When the cat’s away

2011-05-14 13:30

If there has been a moment that symbolically captures or defines the tenacity and discipline of DA leader Helen Zille on her eight-week election campaign across the country, it was when a spotted field mouse scampered up her stonewashed bell-bottoms on a tour of Seshego, Limpopo, last month.

The tour lasted for about an hour, during which Zille posed in front of a resident’s toilet enclosed by a damp, torn cloth and gave interviews to the SABC and other journalists – all of this while seemingly composed and focused.

It was only about half an hour later that she managed to locate the mouse (which had settled in her groin) in the toilet of a Polokwane restaurant.

The manner in which Zille was able to keep her cool and carry on is indicative of her capacity to do what needs to be done in spite of the odds. It is this characteristic, coupled with an appetite for long work hours, that has marked her varied career.

Zille’s strategy has always been to grow the DA’s support in local government, from the bottom up, rather than the traditional top-down approach.

So far, it seems to have worked as the party has continued to grow its support, winning several important municipal by-elections across the country.

And now, for the first time in the country’s democratic history, a buoyant DA has gone into an election with a track record in governance. This has been the central message of the party’s campaign.

The DA is hoping to make “significant gains” in three hotly contested urban metros: Nelson Mandela Bay (where it garnered 24.4% in 2006), Tshwane (30.7%) and Joburg (27%).

It is expected that Nelson Mandela Bay will be a close call, while Tshwane and Joburg will just remain out of the DA’s grasp.

But the party expects significant growth in support in these areas. While loath to “raise expectations”, internal polls predict an increase in support of between 5% and 10%.

Zille hardly needs to mention the ruling party, as political incendiary bombs have dropped like manna throughout the campaign. She simply reads headlines and news reports to her jubilant supporters.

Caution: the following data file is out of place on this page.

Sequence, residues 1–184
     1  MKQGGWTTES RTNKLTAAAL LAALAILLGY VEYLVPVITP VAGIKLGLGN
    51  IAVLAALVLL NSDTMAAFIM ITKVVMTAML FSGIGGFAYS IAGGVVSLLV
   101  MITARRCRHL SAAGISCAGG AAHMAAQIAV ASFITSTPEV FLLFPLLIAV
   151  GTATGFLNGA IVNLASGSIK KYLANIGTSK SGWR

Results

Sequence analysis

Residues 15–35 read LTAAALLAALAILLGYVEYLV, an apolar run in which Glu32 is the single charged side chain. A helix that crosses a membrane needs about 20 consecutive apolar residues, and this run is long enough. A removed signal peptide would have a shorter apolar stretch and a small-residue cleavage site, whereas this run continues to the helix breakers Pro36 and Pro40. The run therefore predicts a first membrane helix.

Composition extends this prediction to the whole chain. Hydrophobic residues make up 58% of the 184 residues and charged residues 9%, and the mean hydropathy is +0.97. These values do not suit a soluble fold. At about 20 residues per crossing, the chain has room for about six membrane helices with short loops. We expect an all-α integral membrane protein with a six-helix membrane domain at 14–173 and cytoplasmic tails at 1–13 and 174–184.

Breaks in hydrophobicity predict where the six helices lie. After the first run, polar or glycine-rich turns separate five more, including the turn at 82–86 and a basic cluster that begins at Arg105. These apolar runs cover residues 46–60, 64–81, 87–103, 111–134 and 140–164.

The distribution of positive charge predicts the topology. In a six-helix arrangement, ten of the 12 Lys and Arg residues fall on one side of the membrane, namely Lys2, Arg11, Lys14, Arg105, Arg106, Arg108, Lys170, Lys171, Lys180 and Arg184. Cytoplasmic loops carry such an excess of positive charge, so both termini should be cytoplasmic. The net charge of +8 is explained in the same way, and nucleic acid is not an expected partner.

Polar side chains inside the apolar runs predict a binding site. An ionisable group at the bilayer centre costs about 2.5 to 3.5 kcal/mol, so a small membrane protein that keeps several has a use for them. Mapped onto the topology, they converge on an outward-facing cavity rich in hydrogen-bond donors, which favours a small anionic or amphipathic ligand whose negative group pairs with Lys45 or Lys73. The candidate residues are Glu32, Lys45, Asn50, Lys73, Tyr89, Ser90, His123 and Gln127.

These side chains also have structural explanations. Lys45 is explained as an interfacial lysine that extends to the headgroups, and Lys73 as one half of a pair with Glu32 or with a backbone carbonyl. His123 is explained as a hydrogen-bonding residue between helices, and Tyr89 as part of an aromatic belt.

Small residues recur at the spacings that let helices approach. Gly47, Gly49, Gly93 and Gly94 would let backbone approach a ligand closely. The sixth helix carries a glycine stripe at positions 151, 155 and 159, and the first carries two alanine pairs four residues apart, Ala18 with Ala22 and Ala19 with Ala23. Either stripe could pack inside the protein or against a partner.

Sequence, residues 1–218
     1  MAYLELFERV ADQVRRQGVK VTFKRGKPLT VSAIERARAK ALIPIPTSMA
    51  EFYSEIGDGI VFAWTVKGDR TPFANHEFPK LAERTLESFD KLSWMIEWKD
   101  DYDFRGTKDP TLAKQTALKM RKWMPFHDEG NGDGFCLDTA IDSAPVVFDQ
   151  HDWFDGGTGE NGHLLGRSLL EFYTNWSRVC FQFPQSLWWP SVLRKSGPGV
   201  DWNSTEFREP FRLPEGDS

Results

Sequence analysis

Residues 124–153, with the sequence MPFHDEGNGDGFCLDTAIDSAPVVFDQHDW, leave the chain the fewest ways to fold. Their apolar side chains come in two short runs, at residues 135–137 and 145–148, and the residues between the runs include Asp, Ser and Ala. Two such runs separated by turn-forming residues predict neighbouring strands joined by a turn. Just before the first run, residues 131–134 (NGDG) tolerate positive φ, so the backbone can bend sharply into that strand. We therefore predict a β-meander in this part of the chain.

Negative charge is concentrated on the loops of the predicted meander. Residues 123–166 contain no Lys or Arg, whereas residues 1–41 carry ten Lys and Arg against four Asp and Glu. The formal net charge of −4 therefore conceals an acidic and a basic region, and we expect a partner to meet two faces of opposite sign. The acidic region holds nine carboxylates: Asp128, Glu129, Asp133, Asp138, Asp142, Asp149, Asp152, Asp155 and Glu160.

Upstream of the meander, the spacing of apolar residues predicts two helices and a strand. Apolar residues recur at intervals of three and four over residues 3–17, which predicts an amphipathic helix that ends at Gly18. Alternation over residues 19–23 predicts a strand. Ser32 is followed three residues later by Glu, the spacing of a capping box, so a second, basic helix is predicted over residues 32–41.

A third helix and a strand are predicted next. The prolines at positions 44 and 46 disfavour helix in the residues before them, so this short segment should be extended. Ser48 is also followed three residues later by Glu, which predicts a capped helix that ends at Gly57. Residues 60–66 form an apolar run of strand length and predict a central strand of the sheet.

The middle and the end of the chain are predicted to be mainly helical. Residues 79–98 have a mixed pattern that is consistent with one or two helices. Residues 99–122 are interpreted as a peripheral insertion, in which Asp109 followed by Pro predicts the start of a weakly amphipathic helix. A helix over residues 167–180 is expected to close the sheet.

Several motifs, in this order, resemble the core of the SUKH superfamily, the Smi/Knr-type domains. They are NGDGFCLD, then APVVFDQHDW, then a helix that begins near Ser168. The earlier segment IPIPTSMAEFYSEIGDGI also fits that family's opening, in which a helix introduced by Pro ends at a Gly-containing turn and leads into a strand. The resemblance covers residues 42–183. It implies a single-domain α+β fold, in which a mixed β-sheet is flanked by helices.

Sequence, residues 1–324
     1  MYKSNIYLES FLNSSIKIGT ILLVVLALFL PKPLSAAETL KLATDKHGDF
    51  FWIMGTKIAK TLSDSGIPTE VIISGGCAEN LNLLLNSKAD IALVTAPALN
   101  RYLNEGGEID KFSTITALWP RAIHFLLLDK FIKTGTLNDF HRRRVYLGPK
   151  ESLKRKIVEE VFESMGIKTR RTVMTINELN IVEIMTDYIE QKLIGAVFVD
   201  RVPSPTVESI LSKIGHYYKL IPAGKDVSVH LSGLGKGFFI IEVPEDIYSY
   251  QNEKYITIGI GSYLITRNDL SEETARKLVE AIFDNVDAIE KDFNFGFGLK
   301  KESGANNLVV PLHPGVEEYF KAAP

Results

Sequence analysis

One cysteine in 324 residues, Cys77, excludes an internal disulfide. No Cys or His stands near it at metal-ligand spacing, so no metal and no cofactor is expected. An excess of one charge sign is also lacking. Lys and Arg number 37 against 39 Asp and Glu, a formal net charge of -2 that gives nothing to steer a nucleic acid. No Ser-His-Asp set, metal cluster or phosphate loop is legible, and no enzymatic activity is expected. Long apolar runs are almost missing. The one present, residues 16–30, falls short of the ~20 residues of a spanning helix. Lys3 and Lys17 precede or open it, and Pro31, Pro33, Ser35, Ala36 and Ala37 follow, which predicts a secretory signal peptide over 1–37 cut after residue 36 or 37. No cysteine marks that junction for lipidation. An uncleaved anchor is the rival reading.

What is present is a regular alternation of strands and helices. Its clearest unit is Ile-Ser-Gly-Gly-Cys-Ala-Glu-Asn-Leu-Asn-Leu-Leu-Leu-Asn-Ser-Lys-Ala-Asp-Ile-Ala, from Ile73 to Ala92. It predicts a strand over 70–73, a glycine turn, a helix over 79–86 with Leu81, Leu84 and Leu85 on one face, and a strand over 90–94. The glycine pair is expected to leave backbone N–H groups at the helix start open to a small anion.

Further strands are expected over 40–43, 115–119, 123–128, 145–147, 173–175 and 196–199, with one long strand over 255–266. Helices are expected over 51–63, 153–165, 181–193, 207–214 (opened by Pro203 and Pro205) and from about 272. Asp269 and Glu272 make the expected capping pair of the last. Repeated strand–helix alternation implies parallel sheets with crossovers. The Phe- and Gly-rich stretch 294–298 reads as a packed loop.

Another unlikely contributor to Zille’s speeches has been Cosatu secretary-general Zwelinzima Vavi, who commented that the ANC entered this election “with its tail between its legs and its back against the wall” – a position Zille delights in trying to portray on stage.

Zille’s itinerary in each region is dovetailed with arrangements made by local DA officials on the ground and there is much behind-the-scenes arguing and screaming down cellphones about the impossibility of certain planned events, and that they’re “pushing” Zille too hard.

Zille is, of course, oblivious to this sometimes-fraught wrangling and receives her final programme along with prepared research and the bones of a speech, which she works on during flights or in the car on the day she departs for a region.

She returns to Cape Town every week to fulfil her duties as Western Cape premier.

Once again, Zille kicked off the DA’s campaign at Walter Sisulu Square in Kliptown, the same iconic venue the party used to launch its 2009 campaign, which resulted in an overall majority in Western Cape.

This time, Zille entered to the DA’s chosen theme song for the campaign, Brenda Fassie’s Vul’indlela. She seemed to surprise commentators with her toyi-toying and chants of “viva” and “phambili”.

I found out later that Zille had practised her dance beforehand at her 92-year-old mother, Mila’s, home in Illovo and had been told: “Well, I’ve always said Europeans can’t dance,” to which Zille replied: “Well, mom, aren’t you glad there are no Europeans in the room?”

While the schedule is punishing, Zille is in her element interacting with DA officials, supporters and the countless members of the public who approach to shake her hand or ask to have their picture taken with her.

Each meeting across the country requires an astute “reading” of the audience and a delicate need to capture “the swing vote”.

Zille carefully judges which language she should use and often asks those gathered which they would prefer.

And so there was no toyi-toying in Modimolle, where tightlipped and curious Freedom Front Plus supporters filed into a cleaned-up old tyre fitment workshop to hear Zille speak.

There was also no sloganeering at a packed and elegant fundraising event in Pretoria, just Zille gently reminding the diners that as far as she was concerned the future in the DA is black and that they’d better get used to it.

Zille has been driven through small towns on donkey carts, been paraded through townships in the back of a bakkie, endured searing heat, mud and dust, and has eaten everything from umngqusho to curry, from burgers to Kit-Kats and chips on the run.

At the end of it all she would have attended close to 50 events and would have managed to traverse much of the country. What has been clearly evident is that black South Africans are not afraid to wear their DA T-shirts or identify with the party, even in the remotest of districts.

The results after May 18 will prove finally whether the DA’s track record in delivery and its more inclusive election strategy will, or can, appeal to a wider black constituency and encourage those who still “vote with their scars” to make a huge emotional and intellectual leap away from the ruling party.

» Thamm is a freelance journalist, columnist and editor. She occasionally moonlights as a stand-up comedian


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